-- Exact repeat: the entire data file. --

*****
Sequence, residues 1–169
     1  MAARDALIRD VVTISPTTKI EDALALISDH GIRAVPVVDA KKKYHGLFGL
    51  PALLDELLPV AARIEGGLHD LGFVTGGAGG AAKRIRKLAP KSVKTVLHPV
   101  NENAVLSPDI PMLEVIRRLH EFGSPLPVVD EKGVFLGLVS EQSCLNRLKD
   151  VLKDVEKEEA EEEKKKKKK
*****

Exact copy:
Sequence, residues 1–169
     1  MAARDALIRD VVTISPTTKI EDALALISDH GIRAVPVVDA KKKYHGLFGL
    51  PALLDELLPV AARIEGGLHD LGFVTGGAGG AAKRIRKLAP KSVKTVLHPV
   101  NENAVLSPDI PMLEVIRRLH EFGSPLPVVD EKGVFLGLVS EQSCLNRLKD
   151  VLKDVEKEEA EEEKKKKKK